Sunday, June 28, 2009

Left Behind

I have started to read the "Left Behind" series by Tim LaHaye to get a better understanding of the Evangelical belief in the Last Days as well as salvation in general. What has really surprised me so far about the series is what I see as a major false dilemma that the author creates which serves as a basis for the story. In the book, the protagonist, Ray Steele goes to a local everyday denominational Christian church. Ray is an airline pilot and attends church weekly, considers himself a good person, but is not otherwise active and engaged in community service, sharing the gospel, or even studying the scriptures. The author sets Ray Steele to be the quintessential "lukewarm" Christian who will ultimately get left behind to face the "tribulation" after the true believers are taken up to heaven by the "rapture."

In contrast, Ray's wife supposedly begins attending a non-denominational Christian church which teaches the Bible and focuses only on the message of salvation. After Ray's wife acknowledges her sinfulness and receives Christ as her personal Savior, she is anxious for Ray to attend with her and become "saved" also. This urging by Rays' wife immediately starts friction in the marriage. According to the author, despite attending a Christian denominational church, the author seems to expect us to accept that Ray is having a difficult time accepting his own sinfulness and that a church has to be non-denominational to only teach the Bible and teach "salvation"

So, what is the false dilemma? It is difficult for me to accept that just because someone is baptist or methodist that they don't teach the Bible or salvation, or don't accept Christ or don't teach their people to confess their sinfulness. How does this apply to LDS doctrine? While LDS do not believe that mankind are intrinsically depraved because of our physicality. What LDS and the Book of Mormon as well as the Bible teach is that all men have fallen and are lost unless they humble themselves before God, and confess their unworthiness, and accept the grace of Jesus Christ. LDS are taught to pray multiple times a day and always retain a prayer in their heart. As part of each prayer, LDS are instructed to confess their sins and ask for forgiveness. Talking to my many denominational friends, their prayers reflect the same attitude of humility. Therefore, I don't really get the premise by the author that non-denomination churches somehow have a corner on the market on "salvation" or the salvation doctrine and are somehow superior.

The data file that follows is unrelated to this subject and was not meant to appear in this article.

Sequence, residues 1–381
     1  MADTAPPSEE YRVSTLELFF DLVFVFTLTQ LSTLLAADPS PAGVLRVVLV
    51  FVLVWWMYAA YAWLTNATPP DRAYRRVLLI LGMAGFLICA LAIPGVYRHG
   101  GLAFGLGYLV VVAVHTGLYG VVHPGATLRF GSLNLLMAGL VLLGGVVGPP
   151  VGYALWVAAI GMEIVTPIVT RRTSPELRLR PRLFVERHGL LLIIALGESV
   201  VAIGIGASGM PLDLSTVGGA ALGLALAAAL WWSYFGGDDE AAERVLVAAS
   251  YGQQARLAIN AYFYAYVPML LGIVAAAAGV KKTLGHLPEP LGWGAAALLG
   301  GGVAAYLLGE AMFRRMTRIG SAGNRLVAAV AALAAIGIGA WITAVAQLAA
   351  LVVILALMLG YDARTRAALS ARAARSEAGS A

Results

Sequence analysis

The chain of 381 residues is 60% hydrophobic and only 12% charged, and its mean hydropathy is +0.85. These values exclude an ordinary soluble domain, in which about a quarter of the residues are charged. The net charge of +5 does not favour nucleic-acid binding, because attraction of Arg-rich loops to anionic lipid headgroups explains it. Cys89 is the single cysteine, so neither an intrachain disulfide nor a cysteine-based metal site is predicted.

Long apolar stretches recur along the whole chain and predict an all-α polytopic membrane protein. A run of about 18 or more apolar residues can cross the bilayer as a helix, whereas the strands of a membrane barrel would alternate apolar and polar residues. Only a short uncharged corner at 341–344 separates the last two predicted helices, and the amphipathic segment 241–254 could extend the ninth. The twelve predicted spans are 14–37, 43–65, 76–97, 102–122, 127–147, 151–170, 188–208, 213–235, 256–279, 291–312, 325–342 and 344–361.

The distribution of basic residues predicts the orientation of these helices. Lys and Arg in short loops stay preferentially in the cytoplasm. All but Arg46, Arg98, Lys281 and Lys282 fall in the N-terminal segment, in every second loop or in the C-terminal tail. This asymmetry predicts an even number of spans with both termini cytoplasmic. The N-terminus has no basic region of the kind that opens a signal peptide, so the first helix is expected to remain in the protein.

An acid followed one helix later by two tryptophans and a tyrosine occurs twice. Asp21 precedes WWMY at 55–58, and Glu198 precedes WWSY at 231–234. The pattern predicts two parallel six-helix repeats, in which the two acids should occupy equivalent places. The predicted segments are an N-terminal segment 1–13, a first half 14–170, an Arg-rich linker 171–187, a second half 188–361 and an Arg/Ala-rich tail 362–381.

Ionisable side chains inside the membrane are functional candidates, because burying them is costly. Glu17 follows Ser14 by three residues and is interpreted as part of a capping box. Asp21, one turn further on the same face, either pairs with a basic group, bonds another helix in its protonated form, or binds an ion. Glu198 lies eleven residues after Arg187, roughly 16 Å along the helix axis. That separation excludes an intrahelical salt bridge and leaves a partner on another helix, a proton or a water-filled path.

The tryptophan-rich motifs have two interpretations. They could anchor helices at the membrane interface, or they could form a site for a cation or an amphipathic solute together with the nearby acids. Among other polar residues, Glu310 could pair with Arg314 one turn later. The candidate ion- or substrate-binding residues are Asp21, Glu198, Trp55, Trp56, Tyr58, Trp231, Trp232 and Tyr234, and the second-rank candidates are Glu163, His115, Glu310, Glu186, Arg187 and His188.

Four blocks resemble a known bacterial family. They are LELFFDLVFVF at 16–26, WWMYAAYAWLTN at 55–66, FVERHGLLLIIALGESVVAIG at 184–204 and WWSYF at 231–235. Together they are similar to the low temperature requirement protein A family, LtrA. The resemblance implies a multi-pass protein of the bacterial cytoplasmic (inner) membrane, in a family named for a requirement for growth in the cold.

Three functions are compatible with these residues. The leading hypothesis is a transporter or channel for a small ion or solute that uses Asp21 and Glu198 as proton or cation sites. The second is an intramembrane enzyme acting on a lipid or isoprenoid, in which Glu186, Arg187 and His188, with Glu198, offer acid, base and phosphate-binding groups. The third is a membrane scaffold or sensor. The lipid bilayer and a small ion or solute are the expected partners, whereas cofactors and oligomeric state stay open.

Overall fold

That said, is confession of our unworthiness, the only thing that the LDS teach? No. In addition to the message of unworthiness and grace and salvation, LDS also teach that the atonement of Christ is power to overcome the flesh and sin. So, we teach the promise of God that if we come humbly to God and confess our weakness, he will make those weaknesses become strengths. LDS teach a message of repentance and sanctification that God will empower us to overcome our sins and live after the manner of happiness. If this focus on repentance by the grace and power of Christ is not another gospel but the promise of the everlasting covenant to perfect and sanctify and prepare us by the grace of Christ to stand worthily before God having our garments washed white in the blood of Christ.

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